Question: How do I incorporate analogue in my life aside from shooting film? Answer: Photo Journalling.
When it comes to taking photos, I am not afraid to admit that my shots can be a hit or miss. Whether it’s over/under exposure, bad composition, or strangers ‘bombing’ my photos, there will always be photos that I’m just not happy with. I am my own worst critic. However, there are some photos that I am really proud of (although these usually happen by accident) and I keep these photos in my photo journals.
I pick my favourite photos, print them via a lab and display them in my photo journal with a short description and title. I also scribble down notes such as my analogue activities, the cameras and films I’ve been using, my latest analogue purchases and the outcomes of trying different experiments and tipsters.
I think that this is the perfect way to make your life a little more analogue! Photo journalling allows you to keep track of your shooting adventures in a fun and tangible way! Plus, being a crafty individual, I get to decorate and personalize the album. Gone are the boring photo albums where I merely just slot the photos into the plastic sleeves! Instead, I have a colorful and personalized way to store and display my favorite photos!
I'm Nick Page, a graphic designer based in the UK. After 20 years of working in advertising, I returned to film photography five years ago and found that the analogue life was just what I needed to get away from the "pixel perfect" images I deal with every day in my job.
Read on dear friend and I will weave a story for you. There may be more questions than answers raised by this peculiar tale. But if it’s clarity you seek, have no fear, things will become clear in time (they always do, don’t they?). So rub the Sandman’s dust from your sleepy eyes and take a journey with me. If you think you have an answer when we reach the end, please do share it in the comments!
On this day and age when many are incorporating digital gear into their workflows, whether fully or partly, there still are photographers who remain rooted to their analog roots and continue to shoot with film cameras. In commemoration of Film Photography Day happening tomorrow, we have scoured through our past interviews to highlight the reasons these photographers choose to still shoot film.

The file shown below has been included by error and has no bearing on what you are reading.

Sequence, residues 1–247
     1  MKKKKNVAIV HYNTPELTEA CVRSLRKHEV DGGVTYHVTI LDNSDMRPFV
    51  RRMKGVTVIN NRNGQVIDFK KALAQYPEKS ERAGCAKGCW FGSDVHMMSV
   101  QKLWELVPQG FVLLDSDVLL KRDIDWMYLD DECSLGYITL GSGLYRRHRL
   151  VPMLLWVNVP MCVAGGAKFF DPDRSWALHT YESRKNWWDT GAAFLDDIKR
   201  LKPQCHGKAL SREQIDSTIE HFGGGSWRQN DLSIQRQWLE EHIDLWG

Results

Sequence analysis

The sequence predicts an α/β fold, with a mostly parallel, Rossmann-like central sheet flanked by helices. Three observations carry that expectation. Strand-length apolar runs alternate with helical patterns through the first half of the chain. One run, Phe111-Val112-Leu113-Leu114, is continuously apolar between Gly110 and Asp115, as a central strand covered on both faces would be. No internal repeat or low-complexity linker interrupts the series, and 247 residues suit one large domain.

An ardent globetrotter, esbo takes pride in having been to different places and documenting each of these trips in analogue. Aside from her boyfriend dopa, she considers the LomoChrome Purple XR 100-400 as her most trusted companion in making her travels more magical. Read on and discover how she makes her photographs perfect with this fantastic film!
From February to July, I experienced one the happiest times of my life: I lived in China. I lived in Suzhou, Jiangsu, one of the most beautiful cities in the world. So here's some advice directly from me to you—what to do in Suzhou?
How do you bring a fresh perspective to a landscape that has been photographed from every possible angle? Using a brand-new film, of course! With this goal in mind, I loaded some LomoChrome Turquoise XR into my Nikon 35Ti and went on a major trip across southern Utah and northern Arizona.
For three months last year, I traveled to 11 cities of eight Southeast Asian countries. My first destination from my hometown of Seoul was Vietnam. After 10 days in Hanoi, I joined a group tour to Sapa, an area known for its hill tribes. This is a photo story of my two days and one night in this remote but vibrant place.
Chris Pollard is a fashion photographer who, despite his exposure to the fast-paced world of runways and fashion, still has a passion for film photography. He expressed a keen interest in testing the New Petzval Lens, and we were more than glad to let him try it for himself. He shares photos ad answers a few questions in this exclusive feature.
Really want to bring your film photos to life? We’re now offering totally analogue fine art prints in a host of large sizes and formats! Carefully enlarged from your negatives onto premium photographic paper by lab professionals, each picture is a unique piece of craftsmanship.
In summer last year, my sister and her lover exchanged "I do's" after five colorful years of happiness and making future plans. It was the perfect occasion to grab some of my cameras and eternalize one of the most beautiful days not only of her life, but also mine.
I began 2015 with my first foray into the exciting world of analogue photography. With La Sardina in hand, I flew to Hanoi, Vietnam tentative, insecure, yet excited beyond words. How did I fare for my very first roll of film?
Hi, everyone! I'd like to share with you my 2014 summary on analogue photography. Some things I did were completely new, while some were my good old habits. This year I learned how to develop black and white film, which I consider my greatest milestone. But the most important thing is that in 2014, I remain in love with Lomography! And the rest? Well, let's see...